Jessy, age 35, homeschooled 1983 to 1996

They did not give me a transcript, bc I didn’t NEED to go to college. I needed to be a stay at home mom. Not having a transcript meant I couldn’t go to the college I wanted to when I decided to go. I had to go to community college first to get “records” first. Waste of time and money and I am stilllllllllllll in college.

Michelle, age 36, homeschooled 1984 to 1999

I made my own HS Diploma several years after “graduation”. Having a diploma was not a priority. My transcript essentially was taking annual state testing and being at the right grade level. I passed a Community college entrance exam, and then got a 2 yr Associates, so not having a HS diploma/transcript didn’t cause too much trouble. I have had a few jobs, but not one where I can fully support myself, which I see as related to not having a 4yr degree. Getting a Bachleors and sustainable career is in my 5yr plan.

Anna, 24, homeschooled 1994 to 2007

My parents did not give me a diploma. It was through the fact they didn’t believe education was necessary. I did study for and obtain my GED, and go on to work and attend college.

Mel, 28, homeschooled 1995 to 2002

We didn’t follow a curriculum, so when I was 17 I took the GED. Same for my other siblings. When I went to college I made up a transcript of what I had done and my parents verified it.

Jay, age 20, homeschooled 1998 to 2009

No diploma. Left home at 17, lived with aunt. Eventually obtained GED. Did remedial courses at a Community College. No diploma or transcript because – neglect I guess. They were angry that I left home without permission or approval.

Karla, 32, homeschooled 3rd-12th

Had some type of typed up diploma. Did not have a highschool transcript. I got my GED, took my SAT’s on my own in my late teens. In my late 20’s I went back to school. I was married and pregnant with my 4th child at the time. I will graduate with my BS in education soon and plan to continue for my Masters as a reading specialist. I have maintained no lower than a 3.7 GPA throughout college. My parents did not believe in college. We were in a patriarchal, legalistic cultish group that recommended that girls become home makers and stay home or work in training centers until marriage. Thus, no transcripts were necessary. It was not out of malice. They thought they were doing the right thing. I wish I had gone to college but I got a fairly good highschool education.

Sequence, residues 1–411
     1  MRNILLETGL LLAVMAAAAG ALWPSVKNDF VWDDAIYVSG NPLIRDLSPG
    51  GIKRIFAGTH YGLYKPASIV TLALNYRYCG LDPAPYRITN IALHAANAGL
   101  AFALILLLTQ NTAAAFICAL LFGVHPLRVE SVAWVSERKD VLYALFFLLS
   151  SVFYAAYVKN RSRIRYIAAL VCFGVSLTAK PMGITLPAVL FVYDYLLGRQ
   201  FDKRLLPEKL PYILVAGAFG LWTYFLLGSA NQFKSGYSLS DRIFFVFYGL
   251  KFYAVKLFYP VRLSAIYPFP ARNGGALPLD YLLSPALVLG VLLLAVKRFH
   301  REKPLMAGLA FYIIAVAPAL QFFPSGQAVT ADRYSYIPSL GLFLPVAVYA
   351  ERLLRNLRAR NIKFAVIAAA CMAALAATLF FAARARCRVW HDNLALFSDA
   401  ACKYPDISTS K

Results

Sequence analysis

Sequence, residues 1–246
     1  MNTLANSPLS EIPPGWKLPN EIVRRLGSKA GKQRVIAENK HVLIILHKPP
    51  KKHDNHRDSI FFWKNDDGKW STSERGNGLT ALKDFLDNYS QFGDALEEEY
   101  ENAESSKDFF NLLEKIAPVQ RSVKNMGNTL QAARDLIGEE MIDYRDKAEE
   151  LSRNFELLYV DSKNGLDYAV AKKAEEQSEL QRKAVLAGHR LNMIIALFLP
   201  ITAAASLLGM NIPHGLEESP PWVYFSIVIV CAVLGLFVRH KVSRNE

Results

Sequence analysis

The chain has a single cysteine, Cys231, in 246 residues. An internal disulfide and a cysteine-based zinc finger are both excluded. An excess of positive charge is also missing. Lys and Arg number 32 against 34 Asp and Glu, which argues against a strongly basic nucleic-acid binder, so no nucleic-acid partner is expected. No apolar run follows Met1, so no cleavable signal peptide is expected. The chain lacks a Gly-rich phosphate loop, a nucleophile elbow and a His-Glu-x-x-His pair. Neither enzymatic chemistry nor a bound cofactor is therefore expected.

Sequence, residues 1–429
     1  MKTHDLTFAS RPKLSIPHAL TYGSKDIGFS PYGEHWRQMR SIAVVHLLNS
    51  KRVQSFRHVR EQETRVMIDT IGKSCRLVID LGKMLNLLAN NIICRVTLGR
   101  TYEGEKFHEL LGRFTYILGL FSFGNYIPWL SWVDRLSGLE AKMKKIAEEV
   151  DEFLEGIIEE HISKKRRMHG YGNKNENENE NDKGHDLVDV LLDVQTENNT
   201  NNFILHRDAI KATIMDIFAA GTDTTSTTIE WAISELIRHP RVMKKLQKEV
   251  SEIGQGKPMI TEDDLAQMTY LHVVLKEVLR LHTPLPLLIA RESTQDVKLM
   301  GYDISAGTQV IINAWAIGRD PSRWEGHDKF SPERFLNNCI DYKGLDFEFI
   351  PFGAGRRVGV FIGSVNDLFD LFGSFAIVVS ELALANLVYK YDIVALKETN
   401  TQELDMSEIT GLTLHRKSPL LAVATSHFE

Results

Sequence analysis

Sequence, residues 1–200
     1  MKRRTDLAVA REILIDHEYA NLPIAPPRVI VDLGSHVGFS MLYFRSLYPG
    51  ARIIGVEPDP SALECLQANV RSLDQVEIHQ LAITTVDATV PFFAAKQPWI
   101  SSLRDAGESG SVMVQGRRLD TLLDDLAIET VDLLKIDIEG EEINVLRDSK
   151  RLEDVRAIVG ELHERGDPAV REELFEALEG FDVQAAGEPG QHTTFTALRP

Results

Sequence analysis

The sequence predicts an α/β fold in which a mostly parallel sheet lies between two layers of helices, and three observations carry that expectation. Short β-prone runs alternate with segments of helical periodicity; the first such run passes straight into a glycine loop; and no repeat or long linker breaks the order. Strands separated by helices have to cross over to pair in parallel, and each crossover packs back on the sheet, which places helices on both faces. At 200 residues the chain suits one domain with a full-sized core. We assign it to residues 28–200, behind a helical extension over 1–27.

Francesca, 29, homeschooled 1989 to 2001

They didn’t believe that a high school diploma was needed since we were all going to stay with them for the rest of our lives and take care of them. It was malice and neglect. I got a GED after I left. I worked and joined the army to pay for college because they would never sign financial aid documents… because I was a girl and women shouldn’t do anything without a man. They didn’t want us to be successful on our own. Education is evil.

Becca, age 32, homeschooled 3rd-12th

Diploma—yes. Transcript—no. I was not able to attend college (I could take the GED if I really wanted to). However, I chose a field that didn’t require it as much as it valued experience in the office setting. Having spent 8 years with my current employer, I’ve been able to get promoted to a job that is currently being created, and will be the perfect fit. That said, 6 years ago, I went to interview for my “dream job” and was told that due to the lack of college, I couldn’t be considered. The person doing the interview and I really clicked and she told me that it was an issue with an entire board of directors who wouldn’t wave the requirement, but that otherwise I was the perfect fit for the position. All that to say- yes I really feel like the lack of transcript\college has affected me in a negative way so I’ve had to work harder, rely more on other strengths in order to navigate employment.

Marla, 37, homeschooled 1982 to 1994

No, I had literally no education past age 12 or so. I had about a 3rd grade knowledge of math at age 18 and knew hardly anything about science or social studies. I knew how to read and write. We didn’t have a TV. I got a GED after studying for two years after I left. I took most of the subject tests separately after attending night classes at a high school.